Evaluation of sub-lethal effects of neurodegenerative cyanotoxins on predator-prey interactions in a freshwater fish

A research project funded by the Indiana Water Resources Research Center through the U.S. Geological Survey’s 104B annual base grants (section 104 of the Water Resources Research Act of 1984, as amended).

Start Date: 2018-03-01   End Date: 2019-02-28
Total Federal Funds: $15,000   Total Non-Federal Funds: $30,030


Cyanobacteria are prevalent blue-green algae that impact Midwestern freshwater systems, important environmental and economic resources. Emerging evidence suggests that exposure to neurotoxic compounds can induce sub-lethal behavioral and central nervous system (CNS) changes that have the potential to affect individual fitness. Because behaviors are regulated though the CNS and proper neuronal function is essential to organismal responses to relevant ecological stimuli (e.g., predators, prey, or abiotic environmental cues), neurodevelopmental disturbances could (i) reduce larval recruitment to adult stocks, resulting in declines in native population densities and altered community function, and/or (ii) accelerate the rate of transfer through the food chain through increased predation risk. The long-term goal of this research is to evaluate the significance of emerging algal neurotoxins for fish populations and aquatic communities.

Figure 1. Fish larvae used in a behavioral trial.

Research Objectives

  1. Establish behavioral lowest observed effect concentrations (LOECs) for cyanotoxins, β-N-methylamino-L-alanine (BMAA) and its isomer 2,4-diaminobutyric acid dihydrochloride (DABA). A range-finding study was conducted to evaluate whether or not sub-lethal behavioral alterations are evident at cyanotoxin concentrations below those commonly reported in Harmful Algal Bloom-affected waters.
  2. Evaluate the extent and mechanisms of behavioral impairment in larval fish exposed to algal neurotoxins. A series of behavioral assays were conducted to evaluate if changes in sensorimotor function directly increase predation risk by impairing escape performance, and indirectly increase predation risk by reducing foraging success and affecting body condition.
  3. Determine the long-term consequences of exposure. Fish larvae exposed to cyanotoxins were reared in freshwater until maturity and subjected to a suite of performance assays to evaluate if there are changes in motor function associated with developmental exposure to algal neurotoxins persist into the later life stages.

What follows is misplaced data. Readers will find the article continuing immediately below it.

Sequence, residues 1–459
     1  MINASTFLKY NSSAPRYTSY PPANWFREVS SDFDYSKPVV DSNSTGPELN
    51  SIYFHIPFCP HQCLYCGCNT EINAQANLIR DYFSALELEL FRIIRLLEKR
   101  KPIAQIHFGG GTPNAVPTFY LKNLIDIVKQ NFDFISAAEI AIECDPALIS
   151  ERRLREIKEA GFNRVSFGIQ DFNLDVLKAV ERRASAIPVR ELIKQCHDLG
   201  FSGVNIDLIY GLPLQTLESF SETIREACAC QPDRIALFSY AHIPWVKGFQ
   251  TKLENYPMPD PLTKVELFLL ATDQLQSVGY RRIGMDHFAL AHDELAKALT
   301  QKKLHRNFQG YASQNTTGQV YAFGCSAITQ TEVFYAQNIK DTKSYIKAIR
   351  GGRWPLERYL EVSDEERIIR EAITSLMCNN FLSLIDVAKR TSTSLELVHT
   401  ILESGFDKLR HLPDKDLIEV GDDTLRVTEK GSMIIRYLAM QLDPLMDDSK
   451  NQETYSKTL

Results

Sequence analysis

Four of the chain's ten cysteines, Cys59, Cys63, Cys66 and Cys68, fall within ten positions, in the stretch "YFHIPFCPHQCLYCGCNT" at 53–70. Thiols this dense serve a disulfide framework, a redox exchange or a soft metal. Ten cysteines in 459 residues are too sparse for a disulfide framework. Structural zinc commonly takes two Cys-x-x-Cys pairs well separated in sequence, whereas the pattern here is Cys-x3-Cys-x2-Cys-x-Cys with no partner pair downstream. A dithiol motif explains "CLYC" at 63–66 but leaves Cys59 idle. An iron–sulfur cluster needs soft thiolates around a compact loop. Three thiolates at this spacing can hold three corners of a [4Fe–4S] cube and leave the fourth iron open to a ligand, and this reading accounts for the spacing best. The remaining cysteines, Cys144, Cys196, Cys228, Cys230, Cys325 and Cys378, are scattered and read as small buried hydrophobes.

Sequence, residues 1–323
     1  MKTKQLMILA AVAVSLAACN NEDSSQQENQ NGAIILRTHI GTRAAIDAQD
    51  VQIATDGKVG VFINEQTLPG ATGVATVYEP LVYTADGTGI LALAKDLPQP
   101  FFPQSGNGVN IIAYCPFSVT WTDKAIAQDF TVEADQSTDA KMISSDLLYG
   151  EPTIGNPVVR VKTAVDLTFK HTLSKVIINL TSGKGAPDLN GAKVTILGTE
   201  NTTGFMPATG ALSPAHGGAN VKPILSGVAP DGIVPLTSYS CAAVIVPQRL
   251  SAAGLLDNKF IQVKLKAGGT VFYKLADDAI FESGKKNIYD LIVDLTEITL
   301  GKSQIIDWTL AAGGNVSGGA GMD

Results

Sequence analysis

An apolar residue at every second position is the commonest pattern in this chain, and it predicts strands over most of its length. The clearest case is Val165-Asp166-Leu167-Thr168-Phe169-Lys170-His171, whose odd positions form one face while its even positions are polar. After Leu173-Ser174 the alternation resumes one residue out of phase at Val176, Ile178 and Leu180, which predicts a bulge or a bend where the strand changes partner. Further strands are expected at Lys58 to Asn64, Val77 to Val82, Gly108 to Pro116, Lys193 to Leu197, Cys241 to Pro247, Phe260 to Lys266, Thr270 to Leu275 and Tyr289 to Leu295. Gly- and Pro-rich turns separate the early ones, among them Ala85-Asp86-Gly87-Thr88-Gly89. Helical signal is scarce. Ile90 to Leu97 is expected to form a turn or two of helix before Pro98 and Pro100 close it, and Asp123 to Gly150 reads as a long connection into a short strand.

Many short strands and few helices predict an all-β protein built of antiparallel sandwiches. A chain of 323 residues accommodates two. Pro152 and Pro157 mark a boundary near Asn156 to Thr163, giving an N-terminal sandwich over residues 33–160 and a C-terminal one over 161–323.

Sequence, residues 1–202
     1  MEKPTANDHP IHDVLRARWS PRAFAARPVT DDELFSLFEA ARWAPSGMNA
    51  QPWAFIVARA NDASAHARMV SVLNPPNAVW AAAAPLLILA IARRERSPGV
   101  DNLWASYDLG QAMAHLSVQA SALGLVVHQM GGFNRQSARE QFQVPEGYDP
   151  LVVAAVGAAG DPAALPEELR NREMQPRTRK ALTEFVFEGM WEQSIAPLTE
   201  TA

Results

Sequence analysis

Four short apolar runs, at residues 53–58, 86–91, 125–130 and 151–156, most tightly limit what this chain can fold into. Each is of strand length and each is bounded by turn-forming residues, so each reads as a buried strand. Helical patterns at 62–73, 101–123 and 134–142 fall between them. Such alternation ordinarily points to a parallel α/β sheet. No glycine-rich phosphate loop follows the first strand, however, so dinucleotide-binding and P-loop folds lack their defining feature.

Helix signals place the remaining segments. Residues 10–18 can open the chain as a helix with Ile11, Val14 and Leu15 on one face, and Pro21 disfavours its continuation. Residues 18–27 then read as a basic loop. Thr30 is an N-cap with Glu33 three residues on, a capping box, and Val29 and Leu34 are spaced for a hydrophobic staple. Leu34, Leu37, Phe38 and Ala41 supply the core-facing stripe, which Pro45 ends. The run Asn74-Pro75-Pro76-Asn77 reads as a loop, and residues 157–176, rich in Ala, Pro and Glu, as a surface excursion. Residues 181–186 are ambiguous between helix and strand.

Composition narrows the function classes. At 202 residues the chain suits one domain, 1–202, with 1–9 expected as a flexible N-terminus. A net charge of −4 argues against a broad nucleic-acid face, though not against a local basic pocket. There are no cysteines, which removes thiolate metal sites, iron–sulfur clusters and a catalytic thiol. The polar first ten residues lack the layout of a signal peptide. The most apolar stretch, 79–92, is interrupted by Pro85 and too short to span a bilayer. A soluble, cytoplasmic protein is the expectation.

Researcher Profile

Dr. Jessica Ward

Principal Investigator Dr. Jessica Ward is an Assistant Professor of Animal Behavior at Ball State University.















Major Conclusions & Significance

  • Exposure to two neurodegenerative cyanotoxins (DABA and BMAA) significantly reduces foraging success of larval fish (fathead minnows). Analysis of prey-strike behavior indicates that this outcome may be due to changes in the ability to detect or recognize prey.
  • Exposure to DABA (and likely BMAA) is associated with impaired anti-predator escape behavior, and impaired locomotor function.
  • Effects of exposure are evident during the embryonic stage (5 days after being laid), manifested as decreased activity.
  • The lowest observed effects concentration for both DABA and BMAA was a nominal exposure concentration of 5 ug/L.
  • Long-term deficits due to developmental exposure (i.e., at 6 months of age) are more pronounced in perceptual ability (processing sensory information) than locomotor performance; fish show some recovery of locomotor impairment (i.e., swimming performance) ~2 months after exposure.

What Does This Mean For Indiana?

This research is significant because it is the first study to evaluate the potential effects of toxin-induced behavioral and CNS alterations on fish in real-world ecological contexts. β-N-methylamino-L-alanine (BMAA) and its isomer 2,4-diaminobutyric acid dihydrochloride (DABA) are potent neurotoxic cyanotoxins that have recently been reported in freshwater systems in the Midwestern United States. In addition to potentially compromising the ecological and economic integrity of Indiana’s freshwater resources, these toxic metabolites are transferred and accumulated up the food chain and are a risk factor for neurodegenerative diseases in humans.

Evidence from this study indicates that some secondary metabolites produced by cyanobacteria disrupt central nervous system function, and reduce growth, survival, and reproduction of affected aquatic organisms. Broadly, this study enhances current knowledge of the effects of Harmful Algal Blooms by providing key information important to both ecosystem management and assessments of human exposure.

Training The Next Generation

One of the missions of the Indiana Water Resources Research Center, and all Water Centers, is to train the next generation of water scientists. This project successfully funded research for one Masters student within Dr. Ward’s lab and trained six undergraduate researchers.

Contact Laura Esman, Managing Director, to request a printed copy of this factsheet.



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